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Marler Blog Providing Commentary on Food Poisoning Outbreaks & Litigation

Salmonella Typhimurium, Water Frogs and an “Unnamed California Frog Breeder”

In December 2009, the CDC reported 85 individuals infected with Salmonella Typhimurium in 31 states: Alabama (1), Arizona (1), California (5), Colorado (4), Florida (1), Georgia (1), Idaho (1), Illinois (5), Indiana (1), Kentucky (1), Louisiana (1), Massachusetts (3), Maryland (3), Michigan (4), Minnesota (1), Missouri (4), Mississippi (1), Nebraska (1), New Jersey (2), New Mexico (1), New York (2), Nevada (1), Ohio (2), Pennsylvania (4), South Dakota (3), Tennessee (2), Texas (4), Utah (14), Virginia (3), Washington (7) and Wisconsin (1). The Salmonella Typhimurium outbreak was linked to water frogs linked to an unnamed California frog breeder.

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Today, the CDC announced a multistate outbreak of human Salmonella Typhimurium infections associated with contact with water frogs, such as African dwarf frogs. As of April 5, 2011, a total of 217 individuals (which includes the 85 above) infected with the outbreak strain of Salmonella Typhimurium have been reported from 41 states since April 1, 2009. The number of ill person identified in each state is as follows: Alaska (5), Alabama (2), Arizona (10), California (17), Colorado (12), Connecticut (3), Florida (1), Georgia (4), Idaho (4), Illinois (8), Indiana (1), Kansas (2), Kentucky (4), Louisiana (2), Massachusetts (6), Maryland (5), Michigan (6), Minnesota (1), Missouri (5), Mississippi (1), Montana (2), North Carolina (1), Nebraska (2), New Hampshire (3), New Jersey (3), New Mexico (2), Nevada (3), New York (7), Ohio (7), Oklahoma (1), Oregon (5), Pennsylvania (14), South Dakota (3), Tennessee (4), Texas (4), Utah (18), Virginia (11), Vermont (1), Washington (23), Wisconsin (3), and West Virginia (1).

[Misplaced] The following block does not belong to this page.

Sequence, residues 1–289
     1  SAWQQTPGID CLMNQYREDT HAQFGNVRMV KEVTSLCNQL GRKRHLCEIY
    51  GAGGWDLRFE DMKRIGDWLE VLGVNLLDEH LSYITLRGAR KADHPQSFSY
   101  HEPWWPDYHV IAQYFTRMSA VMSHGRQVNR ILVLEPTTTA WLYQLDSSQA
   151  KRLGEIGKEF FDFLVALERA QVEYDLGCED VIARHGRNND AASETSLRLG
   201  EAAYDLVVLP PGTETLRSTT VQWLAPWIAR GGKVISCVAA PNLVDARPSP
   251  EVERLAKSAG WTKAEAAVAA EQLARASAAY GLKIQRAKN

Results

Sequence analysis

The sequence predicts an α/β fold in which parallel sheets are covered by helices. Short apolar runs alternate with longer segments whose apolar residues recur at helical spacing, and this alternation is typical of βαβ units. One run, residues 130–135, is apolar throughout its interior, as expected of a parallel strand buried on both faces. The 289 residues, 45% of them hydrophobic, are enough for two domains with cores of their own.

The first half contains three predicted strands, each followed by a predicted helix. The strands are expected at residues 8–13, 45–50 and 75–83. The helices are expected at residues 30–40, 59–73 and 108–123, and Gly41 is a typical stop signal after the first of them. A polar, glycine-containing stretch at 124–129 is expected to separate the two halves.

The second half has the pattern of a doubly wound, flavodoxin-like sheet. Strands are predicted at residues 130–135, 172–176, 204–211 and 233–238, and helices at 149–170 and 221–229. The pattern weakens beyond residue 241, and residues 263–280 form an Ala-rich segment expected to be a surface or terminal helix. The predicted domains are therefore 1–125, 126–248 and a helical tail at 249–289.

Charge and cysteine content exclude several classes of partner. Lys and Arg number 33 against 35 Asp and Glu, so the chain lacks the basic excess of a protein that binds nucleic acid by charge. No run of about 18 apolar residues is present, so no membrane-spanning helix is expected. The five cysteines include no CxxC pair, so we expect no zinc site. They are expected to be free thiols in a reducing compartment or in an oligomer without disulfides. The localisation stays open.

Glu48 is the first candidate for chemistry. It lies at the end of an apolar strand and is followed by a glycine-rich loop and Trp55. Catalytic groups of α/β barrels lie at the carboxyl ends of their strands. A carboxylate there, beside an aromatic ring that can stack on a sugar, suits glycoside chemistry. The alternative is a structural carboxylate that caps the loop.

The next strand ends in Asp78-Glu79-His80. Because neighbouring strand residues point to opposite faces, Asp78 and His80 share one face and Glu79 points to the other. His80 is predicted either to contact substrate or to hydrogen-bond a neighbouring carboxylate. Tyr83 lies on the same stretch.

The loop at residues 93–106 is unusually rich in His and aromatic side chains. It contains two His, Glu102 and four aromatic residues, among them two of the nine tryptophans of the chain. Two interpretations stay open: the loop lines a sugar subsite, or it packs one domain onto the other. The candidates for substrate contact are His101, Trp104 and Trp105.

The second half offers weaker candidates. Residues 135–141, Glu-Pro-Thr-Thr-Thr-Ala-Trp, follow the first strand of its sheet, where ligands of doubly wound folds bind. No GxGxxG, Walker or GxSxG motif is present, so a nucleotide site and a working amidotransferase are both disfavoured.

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Infected individuals range in age from less than 1 year old to 73 years old. Seventy-one percent of patients are younger than 10 years old, and the median age is 5 years old. Fifty-one percent of patients are female. Among ill persons, 34% were hospitalized. No deaths have been reported. Findings of traceback investigations identified a single water frog breeder in California as the source of African dwarf frogs associated with human infections. This frog breeding facility was first identified as the source of African dwarf frogs associated with human infections in 2010.